Athena's Web Weekly Column

Week of Nov 17th - Nov 23rd, 2006

Political Reality

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  As the political talleys poured in across the country, first the House and then the Senate came back into the grasp of the Democratic Party.

Jim Webb button

The Senate race that put the Democrats back on top in the Senate

  For many people, this was the fulfillment of a long awaited dream; for others, it was a nightmare. But while the euphoric wave of celebration surges across the land, those intoxicated by this recent turn of events might sober to the political reality which must now be faced. When this administration came to power there was a budgetary surplus. Even our international political capital has been squandered on the waging of this war. Our infrastructure of roads and bridges is in a sad state of affairs, education and other social services have been allowed to languish, and in possibly what could be our most daunting task of all, global warming must now be confronted and dealt with. While Congress now stands united, it does so with an executive branch which will not agree with many of its initiatives. Also, the entire senatorial Democratic block is dependent upon two independent senators from New England voting with them each time.

  We are not out of the woods yet.

Gettysburg Address

In Lincoln's words, a government of the people, by the people, and for the people.

  One of the fundamental problems with our democracy is that it is supposed to represent the will of the people. Inplied in this statement is the notion that it is the will of the majority of the people. The problem is that it is therefore very difficult to galvanize this majority into agreeing to accept of responsibility of taking on courses of action which are not popular, a term which comes from the Latin, popularis, meaning "belonging to the people". In difficult times, who is going to be willing to give up their share of the American dream? Who is going to be willing to pay more, or have less than our neighbors or forebearers? The Kyoto protocol accord is a case in point. Cutting back on our emissions will cost companies money and will cut into their profits. The greatest industrial nation in the world, the one with not only the most toys, but most everything else, has not been willing to retool our 'standard of living', arguing that scientific reports rest on unproven analysis and that additional research needs to be gathered before action can be taken.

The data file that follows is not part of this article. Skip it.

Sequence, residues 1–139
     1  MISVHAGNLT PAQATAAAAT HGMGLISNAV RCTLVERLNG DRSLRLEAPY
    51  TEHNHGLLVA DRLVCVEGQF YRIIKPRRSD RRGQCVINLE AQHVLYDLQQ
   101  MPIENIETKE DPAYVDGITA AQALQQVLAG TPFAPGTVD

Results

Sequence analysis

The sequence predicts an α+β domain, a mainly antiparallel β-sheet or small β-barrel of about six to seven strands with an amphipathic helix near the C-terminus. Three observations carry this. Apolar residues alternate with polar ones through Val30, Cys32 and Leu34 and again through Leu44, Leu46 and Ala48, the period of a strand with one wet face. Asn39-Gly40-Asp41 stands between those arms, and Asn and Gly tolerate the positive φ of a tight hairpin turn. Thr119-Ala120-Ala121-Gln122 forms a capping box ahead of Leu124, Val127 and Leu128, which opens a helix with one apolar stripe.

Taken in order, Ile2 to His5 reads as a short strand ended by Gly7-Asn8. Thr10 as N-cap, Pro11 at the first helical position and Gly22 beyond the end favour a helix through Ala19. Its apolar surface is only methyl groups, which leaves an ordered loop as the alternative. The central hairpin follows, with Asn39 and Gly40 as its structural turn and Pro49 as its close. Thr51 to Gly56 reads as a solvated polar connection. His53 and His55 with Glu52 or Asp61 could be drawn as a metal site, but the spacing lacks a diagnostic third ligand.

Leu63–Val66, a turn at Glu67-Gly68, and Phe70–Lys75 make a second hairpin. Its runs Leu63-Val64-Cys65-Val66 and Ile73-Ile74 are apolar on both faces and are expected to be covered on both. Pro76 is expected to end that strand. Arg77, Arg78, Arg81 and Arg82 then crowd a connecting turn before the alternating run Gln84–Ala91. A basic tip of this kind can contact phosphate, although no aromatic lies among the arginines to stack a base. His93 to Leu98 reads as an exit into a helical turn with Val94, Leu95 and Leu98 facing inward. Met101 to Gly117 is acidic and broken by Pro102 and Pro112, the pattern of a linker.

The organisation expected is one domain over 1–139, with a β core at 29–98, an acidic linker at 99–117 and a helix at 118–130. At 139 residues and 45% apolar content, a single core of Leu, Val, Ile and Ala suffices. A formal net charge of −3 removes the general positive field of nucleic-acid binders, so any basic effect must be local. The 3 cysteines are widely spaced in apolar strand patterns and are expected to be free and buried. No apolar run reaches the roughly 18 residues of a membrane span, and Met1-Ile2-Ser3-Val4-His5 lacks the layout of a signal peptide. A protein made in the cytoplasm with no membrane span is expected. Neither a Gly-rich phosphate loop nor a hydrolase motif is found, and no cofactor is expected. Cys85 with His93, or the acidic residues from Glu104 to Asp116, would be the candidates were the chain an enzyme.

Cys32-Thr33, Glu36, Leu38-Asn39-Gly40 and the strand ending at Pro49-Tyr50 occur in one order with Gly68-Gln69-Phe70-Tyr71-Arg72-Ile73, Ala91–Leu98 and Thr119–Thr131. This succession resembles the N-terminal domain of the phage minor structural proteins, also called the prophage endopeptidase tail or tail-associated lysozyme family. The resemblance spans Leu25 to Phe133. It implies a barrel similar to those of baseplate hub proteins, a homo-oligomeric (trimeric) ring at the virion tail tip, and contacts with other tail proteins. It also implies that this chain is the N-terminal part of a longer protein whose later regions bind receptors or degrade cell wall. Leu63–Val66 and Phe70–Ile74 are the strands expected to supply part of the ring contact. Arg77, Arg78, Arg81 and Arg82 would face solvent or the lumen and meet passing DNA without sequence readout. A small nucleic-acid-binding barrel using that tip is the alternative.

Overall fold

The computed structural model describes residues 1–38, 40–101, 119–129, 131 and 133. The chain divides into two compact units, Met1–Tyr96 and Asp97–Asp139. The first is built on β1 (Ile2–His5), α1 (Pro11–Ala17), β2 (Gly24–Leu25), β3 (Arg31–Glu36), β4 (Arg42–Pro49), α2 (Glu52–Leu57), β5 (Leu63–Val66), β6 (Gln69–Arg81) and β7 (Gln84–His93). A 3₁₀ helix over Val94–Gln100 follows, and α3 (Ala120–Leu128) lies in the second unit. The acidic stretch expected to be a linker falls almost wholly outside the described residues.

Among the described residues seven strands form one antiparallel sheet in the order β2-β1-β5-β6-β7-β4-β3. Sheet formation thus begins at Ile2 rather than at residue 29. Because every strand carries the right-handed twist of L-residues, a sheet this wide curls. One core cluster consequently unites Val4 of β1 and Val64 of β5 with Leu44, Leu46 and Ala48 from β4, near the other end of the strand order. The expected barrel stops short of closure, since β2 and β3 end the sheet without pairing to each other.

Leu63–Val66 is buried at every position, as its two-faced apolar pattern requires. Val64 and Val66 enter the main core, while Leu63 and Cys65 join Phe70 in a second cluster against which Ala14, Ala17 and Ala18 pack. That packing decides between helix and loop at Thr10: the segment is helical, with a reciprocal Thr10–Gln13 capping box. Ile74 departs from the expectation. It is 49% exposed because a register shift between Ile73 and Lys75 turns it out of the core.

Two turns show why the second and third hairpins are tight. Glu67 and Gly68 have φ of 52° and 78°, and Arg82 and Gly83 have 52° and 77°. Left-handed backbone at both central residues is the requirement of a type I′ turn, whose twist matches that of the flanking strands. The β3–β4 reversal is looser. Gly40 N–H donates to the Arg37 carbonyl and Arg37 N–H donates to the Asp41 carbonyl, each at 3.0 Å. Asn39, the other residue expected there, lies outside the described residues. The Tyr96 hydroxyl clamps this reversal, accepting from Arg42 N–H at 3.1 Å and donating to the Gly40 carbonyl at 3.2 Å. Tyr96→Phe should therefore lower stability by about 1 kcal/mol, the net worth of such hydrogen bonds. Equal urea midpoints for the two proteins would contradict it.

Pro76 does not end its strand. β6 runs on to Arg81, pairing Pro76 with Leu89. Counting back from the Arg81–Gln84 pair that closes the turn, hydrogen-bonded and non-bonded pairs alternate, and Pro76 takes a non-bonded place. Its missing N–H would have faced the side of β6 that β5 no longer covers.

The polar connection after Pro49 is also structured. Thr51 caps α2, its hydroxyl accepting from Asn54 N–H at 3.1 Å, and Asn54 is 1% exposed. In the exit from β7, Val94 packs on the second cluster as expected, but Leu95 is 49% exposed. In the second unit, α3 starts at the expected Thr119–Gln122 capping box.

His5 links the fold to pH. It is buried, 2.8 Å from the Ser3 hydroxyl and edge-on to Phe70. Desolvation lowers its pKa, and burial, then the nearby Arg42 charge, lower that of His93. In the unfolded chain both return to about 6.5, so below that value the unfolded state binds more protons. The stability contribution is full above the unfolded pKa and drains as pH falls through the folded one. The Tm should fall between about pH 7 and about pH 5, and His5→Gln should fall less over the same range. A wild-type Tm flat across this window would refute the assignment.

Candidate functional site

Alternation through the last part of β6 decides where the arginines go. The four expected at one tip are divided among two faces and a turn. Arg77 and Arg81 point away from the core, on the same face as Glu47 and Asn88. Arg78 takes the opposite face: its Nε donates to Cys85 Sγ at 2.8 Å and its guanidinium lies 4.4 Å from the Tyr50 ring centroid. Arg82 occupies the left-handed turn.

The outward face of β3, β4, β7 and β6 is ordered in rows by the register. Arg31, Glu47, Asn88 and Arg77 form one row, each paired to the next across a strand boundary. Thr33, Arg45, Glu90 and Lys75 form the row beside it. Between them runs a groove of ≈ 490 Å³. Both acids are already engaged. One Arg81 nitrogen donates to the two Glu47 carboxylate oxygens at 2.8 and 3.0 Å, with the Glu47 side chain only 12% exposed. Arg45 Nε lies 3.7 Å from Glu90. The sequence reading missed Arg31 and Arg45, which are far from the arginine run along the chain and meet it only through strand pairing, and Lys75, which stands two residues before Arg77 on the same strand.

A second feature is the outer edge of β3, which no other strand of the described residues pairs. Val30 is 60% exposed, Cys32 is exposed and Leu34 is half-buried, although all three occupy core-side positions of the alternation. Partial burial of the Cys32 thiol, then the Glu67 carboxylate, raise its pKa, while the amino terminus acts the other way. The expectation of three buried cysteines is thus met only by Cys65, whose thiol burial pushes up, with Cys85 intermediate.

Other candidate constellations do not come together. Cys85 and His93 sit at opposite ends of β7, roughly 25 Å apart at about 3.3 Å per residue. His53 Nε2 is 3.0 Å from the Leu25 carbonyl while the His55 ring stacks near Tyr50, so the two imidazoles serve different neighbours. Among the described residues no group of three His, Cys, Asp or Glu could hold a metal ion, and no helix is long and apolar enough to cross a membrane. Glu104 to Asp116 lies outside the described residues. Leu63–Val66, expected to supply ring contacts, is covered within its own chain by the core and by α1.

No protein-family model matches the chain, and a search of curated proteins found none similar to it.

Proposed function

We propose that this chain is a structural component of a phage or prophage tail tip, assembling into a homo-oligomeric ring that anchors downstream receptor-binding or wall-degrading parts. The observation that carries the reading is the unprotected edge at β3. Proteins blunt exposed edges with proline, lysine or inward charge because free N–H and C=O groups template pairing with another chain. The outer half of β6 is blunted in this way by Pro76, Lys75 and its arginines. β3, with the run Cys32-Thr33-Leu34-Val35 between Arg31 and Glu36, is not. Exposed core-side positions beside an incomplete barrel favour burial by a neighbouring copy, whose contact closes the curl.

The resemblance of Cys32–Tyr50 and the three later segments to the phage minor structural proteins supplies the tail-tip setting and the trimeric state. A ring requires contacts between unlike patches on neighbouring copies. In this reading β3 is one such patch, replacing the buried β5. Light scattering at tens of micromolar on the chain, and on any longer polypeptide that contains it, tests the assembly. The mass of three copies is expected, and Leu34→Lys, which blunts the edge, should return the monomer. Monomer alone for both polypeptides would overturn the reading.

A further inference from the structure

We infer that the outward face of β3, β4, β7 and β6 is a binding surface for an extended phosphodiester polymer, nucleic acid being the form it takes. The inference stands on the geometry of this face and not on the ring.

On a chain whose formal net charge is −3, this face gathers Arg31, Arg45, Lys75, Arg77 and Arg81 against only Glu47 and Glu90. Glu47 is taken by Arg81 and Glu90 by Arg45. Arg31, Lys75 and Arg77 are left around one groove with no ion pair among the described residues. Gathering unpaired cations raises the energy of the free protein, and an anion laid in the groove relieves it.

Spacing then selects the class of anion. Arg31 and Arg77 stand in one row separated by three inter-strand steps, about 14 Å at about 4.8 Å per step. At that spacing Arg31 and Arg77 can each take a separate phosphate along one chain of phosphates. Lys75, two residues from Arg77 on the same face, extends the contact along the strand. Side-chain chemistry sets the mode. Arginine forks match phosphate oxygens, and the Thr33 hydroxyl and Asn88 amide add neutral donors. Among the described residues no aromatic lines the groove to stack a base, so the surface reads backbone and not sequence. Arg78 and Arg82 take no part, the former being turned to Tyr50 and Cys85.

As the Age of Pisces windsdown, it's oppsite polarity, Virgo, has been the archetype towards which civilization has strived. Merchantilism has produced the princes of our time, and who of us can argue? We are so conditioned to look for the best deal that it is automatic, and who or what will awaken us from the realization that the population has become too large to sustain this lifestyle? Mercantilism is an extension of the realm of Mercury, the Roman lord of the merchant. During the Age of Pisces, the constellation of that name has held the position of the vernal equinox, the spring time point. The autumnal equinox has been passing through the constellation Virgo. As Pisces moves into Aquarius via the vernal equinox, so Virgo will pass into Leo with the atumnal equinox. Civilization's values are getting ready to change. Virgo has produced the workers in the Lord's vinyard (Pisces), seeking a good job in the hopes of obtaining security and retirement. As the autumnal equinox precesses into Leo, the societal emphasis will change from a focus on learning to that of loving one another, and of teaching the children, the seed of our future, to do the same.


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